5. The only mention anywhere in the Badman Report of the possibility of registration as a home educator being refused, is in connection with safeguarding. I really think it is stretching it a bit to imagine that any local authority will try and stop a parent teaching their own child because their provision for Sex and Relationship education or Design and Technology is inadequate!

  6. If the state had any evidence that home education is failing, Simon, then they would indeed be justified on trying to impose their ideas on home educated children.

  7. The introduction of age-related targets and material to be covered may be included in the review of suitable education in the New Year.

    Fiona Nicholson, Education Otherwise

  8. Simon, how come you didn't include an IGCSE in a modern foreign language in your daughter's subject list? Just interested.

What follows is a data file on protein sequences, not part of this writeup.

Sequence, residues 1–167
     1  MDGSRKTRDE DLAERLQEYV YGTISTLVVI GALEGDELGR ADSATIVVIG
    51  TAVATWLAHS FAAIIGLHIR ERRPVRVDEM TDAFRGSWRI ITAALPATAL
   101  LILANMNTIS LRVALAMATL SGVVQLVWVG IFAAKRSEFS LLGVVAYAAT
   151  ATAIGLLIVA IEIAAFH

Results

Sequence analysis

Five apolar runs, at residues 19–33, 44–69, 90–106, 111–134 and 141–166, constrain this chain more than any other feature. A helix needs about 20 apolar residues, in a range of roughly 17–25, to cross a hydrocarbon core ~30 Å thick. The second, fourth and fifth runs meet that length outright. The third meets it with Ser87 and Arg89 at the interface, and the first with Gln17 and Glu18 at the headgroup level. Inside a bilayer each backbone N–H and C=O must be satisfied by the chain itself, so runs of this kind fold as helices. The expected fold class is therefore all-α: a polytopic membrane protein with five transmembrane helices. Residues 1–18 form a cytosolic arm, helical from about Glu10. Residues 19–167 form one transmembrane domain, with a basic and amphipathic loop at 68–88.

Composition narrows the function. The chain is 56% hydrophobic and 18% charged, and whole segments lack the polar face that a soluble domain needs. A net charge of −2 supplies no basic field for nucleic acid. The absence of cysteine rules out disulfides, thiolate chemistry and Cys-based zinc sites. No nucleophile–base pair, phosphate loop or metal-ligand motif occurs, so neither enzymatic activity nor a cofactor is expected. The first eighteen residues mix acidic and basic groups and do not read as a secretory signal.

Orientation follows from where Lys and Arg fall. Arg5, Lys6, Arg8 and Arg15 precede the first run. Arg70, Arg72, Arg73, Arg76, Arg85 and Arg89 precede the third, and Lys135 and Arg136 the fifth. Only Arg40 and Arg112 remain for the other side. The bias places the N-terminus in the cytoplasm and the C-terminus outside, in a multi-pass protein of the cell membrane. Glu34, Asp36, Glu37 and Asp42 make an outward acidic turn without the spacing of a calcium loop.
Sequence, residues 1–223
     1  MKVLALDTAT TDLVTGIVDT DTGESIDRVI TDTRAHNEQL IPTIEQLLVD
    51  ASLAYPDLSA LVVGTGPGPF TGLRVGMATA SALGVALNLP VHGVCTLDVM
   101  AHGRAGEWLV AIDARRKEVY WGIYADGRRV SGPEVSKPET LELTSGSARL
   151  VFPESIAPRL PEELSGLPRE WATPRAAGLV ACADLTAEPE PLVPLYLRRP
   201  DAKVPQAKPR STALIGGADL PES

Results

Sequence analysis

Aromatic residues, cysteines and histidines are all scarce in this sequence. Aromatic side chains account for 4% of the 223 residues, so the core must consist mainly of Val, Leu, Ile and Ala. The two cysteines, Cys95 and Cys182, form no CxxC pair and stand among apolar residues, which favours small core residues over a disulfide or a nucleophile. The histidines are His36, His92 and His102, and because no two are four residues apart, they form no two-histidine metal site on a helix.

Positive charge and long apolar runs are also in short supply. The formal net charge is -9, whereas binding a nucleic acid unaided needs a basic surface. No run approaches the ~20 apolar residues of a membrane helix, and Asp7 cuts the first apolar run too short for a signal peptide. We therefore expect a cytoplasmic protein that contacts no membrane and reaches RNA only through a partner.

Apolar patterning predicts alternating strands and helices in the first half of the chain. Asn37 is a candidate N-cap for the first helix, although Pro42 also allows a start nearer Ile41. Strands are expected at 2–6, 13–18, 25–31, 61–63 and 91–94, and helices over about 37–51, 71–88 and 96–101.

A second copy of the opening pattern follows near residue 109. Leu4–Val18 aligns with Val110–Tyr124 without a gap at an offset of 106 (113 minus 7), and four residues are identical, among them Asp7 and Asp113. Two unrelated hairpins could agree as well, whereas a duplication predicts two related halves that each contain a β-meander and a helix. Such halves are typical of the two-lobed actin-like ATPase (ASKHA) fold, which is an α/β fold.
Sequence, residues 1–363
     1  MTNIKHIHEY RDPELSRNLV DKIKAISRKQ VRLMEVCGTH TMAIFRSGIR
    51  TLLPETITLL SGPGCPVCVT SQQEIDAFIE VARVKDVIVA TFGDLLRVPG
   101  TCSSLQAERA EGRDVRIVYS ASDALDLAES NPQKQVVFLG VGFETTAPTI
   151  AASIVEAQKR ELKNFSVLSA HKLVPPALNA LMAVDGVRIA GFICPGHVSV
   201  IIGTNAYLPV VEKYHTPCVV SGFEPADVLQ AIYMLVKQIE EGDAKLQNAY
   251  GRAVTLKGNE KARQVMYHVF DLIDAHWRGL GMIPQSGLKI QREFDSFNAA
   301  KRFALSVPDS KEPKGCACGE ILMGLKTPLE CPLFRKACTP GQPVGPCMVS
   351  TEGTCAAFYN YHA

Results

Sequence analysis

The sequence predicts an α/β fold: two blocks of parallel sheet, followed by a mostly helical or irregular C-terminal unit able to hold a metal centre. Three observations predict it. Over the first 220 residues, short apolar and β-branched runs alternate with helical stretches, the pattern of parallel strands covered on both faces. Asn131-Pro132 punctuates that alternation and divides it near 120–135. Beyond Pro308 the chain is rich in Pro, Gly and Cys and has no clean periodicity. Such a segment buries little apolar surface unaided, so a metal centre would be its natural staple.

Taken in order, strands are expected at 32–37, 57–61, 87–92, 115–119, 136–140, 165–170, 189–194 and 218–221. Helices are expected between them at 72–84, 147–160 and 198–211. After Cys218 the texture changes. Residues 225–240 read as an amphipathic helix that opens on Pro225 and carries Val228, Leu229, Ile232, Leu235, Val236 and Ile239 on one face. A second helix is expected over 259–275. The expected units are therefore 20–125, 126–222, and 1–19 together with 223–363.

9. I meant to Allie, it's just that Simone had an interest in French, then Russian, followed by Greek and Latin. Because she kept chopping and changing, the result was she never focused upon one for long enough to take an IGCSE. In retrospect, I should have decided for her and made her stick at one. maybe that was my experiment in autonomy!

  10. I used to speak fluent French and Spanish. I haven't used it since university. I have personally found it to be largely a waste of time and something that you can learn as an adult anyway.

    My mother learnt English in 3 months when she arrived here 40 years ago and nobody gets ANYTHING past her. My best friend learnt Japanese in a year, married a Japanese lady and works in Japan.

    Yeah, yeah, the accent is better when you start young, but you have to start before they even are school age to get that advantage.

    It's a waste of time doing it unless the child really wants to, so I would say you did the right thing Simon.